Verifying a certificate

I am wondering about validating certificates. If I do an openssl verify -CAfile chain_data cert_data I get complaint certificate has expired. If I chop off the last chain entry I get cert: OK.

(Doing essentially the same in Python I get the same results.)

What is the right way to verify a certificate, on which will work on these certificates, and on others?

Thanks,

-kb

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Hello @kentborg, welcome to the Let's Encrypt community. :slightly_smiling_face:

Ideally you would have opened a New Help Topic for this, I'll ask a Leader to split this into its own.

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[Sorry about that. The link that sent me there said "post to this thread", that didn't sound like "create a new topic".]

That CLI example works for me, is there a clean parallel approach in Python? I am loading root certificates into a trust store and then iterating backwards along the chain. Sounds like I want to do that with shorter versions of the chain first so I I will catch the newer trust anchor.

-kb

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Here is a reference on Long (default) and Short (alternate) Certificate Chains Explained

@kentborg, please wait for more knowledgeable Let's Encrypt community volunteers to assist.

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This is likely to cause problems. Here's an in-depth article about why: Path Building vs Path Verifying: The Chain of Pain | by Ryan Sleevi | Medium

Summary: a certificate verifier shouldn't assume that the served chain is the one true path to one specific root. Instead, consider it as a pool of helpful but untrusted certificates, which may be informative in the certificate verifier's attempt to find a path to some root that it trusts.

I would also particularly advise against using openssl verify, since its arguments are very unintuitive and hard to get right, even for experts. I've gotten it wrong a bunch of times, and so has nearly every other expert I've seen on this forum. :smiley: And even if you do get the arguments right, you still have a tool that is making the crucial incorrect assumption described in the blog post above.

My general advice would be to use the path building and verification from your TLS client library. Most TLS client libraries don't really expose that as a separate functionality, though: they just do it when negotiating a handshake.

Can you tell us more about what you're trying to do? That will help with suggesting the most appropriate solution.

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I'm trying to programatically verify certificates that get automatically renewed aren't broken. I don't have any reason to expect they would be, but if I did start getting broken certificates, don't detect it and start throwing away perfectly good old certificates with a good chunk of life left in them—it would be really bad, lot of stuff would stop working, it would ruin my day, to say the least.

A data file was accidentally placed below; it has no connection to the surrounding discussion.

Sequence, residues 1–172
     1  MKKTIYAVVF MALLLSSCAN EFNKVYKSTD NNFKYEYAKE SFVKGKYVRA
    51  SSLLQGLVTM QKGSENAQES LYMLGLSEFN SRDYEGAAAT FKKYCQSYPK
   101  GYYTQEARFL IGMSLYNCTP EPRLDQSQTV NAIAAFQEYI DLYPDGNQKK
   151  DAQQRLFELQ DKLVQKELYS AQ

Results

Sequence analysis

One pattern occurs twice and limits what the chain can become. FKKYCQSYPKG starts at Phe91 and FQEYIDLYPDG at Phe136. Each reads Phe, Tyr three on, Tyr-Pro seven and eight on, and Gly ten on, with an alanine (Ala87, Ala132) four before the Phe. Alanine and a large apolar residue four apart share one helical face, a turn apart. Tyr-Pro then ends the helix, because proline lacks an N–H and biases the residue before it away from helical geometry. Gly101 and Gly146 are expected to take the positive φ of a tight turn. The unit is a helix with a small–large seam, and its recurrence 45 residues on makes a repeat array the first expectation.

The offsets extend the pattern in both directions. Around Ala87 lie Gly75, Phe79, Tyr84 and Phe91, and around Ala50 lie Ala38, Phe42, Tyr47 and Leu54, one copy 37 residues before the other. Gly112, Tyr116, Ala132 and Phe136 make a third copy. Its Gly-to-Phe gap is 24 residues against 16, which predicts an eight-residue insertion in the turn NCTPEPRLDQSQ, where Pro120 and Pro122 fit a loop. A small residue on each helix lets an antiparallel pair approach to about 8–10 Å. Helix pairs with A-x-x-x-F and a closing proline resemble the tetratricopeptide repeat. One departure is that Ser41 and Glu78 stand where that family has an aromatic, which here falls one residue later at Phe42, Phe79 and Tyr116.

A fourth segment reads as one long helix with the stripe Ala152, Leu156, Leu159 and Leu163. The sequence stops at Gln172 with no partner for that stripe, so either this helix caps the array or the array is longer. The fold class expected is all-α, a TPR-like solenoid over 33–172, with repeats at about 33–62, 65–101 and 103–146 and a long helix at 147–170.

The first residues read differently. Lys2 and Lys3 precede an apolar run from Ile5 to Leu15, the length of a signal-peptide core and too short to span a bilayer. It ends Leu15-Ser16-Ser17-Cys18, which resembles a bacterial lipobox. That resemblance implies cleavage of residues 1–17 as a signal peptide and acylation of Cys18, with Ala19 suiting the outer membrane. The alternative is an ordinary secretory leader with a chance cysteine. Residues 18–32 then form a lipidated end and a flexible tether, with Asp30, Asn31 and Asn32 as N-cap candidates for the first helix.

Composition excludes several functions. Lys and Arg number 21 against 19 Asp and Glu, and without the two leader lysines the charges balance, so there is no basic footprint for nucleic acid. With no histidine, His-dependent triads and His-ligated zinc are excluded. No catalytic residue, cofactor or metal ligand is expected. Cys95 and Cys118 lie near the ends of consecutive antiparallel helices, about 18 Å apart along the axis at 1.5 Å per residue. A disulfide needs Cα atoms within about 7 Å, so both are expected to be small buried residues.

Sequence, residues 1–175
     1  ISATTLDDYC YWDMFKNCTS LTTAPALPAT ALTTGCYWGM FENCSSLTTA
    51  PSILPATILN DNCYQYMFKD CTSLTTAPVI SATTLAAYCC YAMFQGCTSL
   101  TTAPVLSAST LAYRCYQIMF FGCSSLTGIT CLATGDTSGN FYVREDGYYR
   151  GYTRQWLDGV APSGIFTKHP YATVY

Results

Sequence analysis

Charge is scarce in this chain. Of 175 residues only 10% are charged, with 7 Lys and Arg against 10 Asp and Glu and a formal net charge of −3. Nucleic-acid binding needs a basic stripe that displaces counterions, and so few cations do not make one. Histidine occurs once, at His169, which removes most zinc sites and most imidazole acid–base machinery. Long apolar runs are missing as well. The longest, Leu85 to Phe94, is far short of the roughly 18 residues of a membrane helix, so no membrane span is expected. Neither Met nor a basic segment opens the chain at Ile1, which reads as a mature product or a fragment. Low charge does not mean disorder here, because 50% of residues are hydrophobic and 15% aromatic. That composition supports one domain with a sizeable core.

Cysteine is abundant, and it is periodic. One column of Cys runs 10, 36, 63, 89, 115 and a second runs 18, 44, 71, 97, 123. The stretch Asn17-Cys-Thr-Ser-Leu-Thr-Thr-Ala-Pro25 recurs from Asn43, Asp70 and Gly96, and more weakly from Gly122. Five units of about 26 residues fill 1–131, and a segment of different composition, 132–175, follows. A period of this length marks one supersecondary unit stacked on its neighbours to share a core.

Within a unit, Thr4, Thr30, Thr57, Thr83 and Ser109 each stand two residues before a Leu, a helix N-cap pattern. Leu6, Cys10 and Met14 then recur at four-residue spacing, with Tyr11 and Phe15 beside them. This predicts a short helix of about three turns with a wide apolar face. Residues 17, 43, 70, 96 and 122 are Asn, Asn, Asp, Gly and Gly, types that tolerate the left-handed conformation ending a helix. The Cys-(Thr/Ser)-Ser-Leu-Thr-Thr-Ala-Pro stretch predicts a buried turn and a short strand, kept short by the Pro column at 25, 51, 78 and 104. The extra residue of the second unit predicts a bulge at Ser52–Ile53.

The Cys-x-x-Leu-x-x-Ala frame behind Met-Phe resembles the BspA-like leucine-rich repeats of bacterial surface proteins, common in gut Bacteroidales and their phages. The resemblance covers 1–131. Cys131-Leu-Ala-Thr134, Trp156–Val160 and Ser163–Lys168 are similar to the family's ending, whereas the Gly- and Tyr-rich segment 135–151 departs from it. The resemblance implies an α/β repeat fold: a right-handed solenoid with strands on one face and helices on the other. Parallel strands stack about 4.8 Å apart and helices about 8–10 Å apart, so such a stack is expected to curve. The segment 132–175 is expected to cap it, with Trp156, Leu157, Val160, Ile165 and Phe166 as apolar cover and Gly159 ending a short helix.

I think I have it figured out how to do it, next I just need to duplicate what I did in clean code, in the real environment, etc.

Thanks,

-kb

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It is very improbable to get broken certificates, but it is entirely possible to get broken chains as - historically - many clients have hardcoded the chains/intermediates or do not properly handle the chain selection.

Below are links to two functions in a client I wrote. They are written to use pure Python but fallback to OpenSSL commandline if the requisite libraries are not available.

The trick in the implementations is that you need to do everything in a sandboxed environment. With Python (or libraries) that means using an empty trust store and iteratively building it up to contain each element. With OpenSSL command line, you emulate this by explicitly passing in the root and intermediate. If you fail to properly sandbox the checks, you run the risk of having the checks influenced by certificates in the system/library trust store.

ensure_chain - validates from a root down to a chain

ensure_chain_order - validates partial chain orders

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I'm just going to second these: Basically all of the time if you have a problem, it isn't going to be that the CA signed something "wrong" in such a way that a client wouldn't accept it, but a problem with the configuration and installation of the certificate into your web server. Really you probably just want your script to install the certificate (in a test environment of some sort if you're too nervous about touching your production), and try connecting to it in a way that's as close as possible to how your actual clients are. And if that works, consider the test passed. (And if it fails, roll back the changes to the prior configuration and sound the alarm bells.) And that will test that you got a valid certificate, as well as test that your server configuration is working, and usually you want to ensure that both of those are true to avoid the ruining of your day that you're concerned about.

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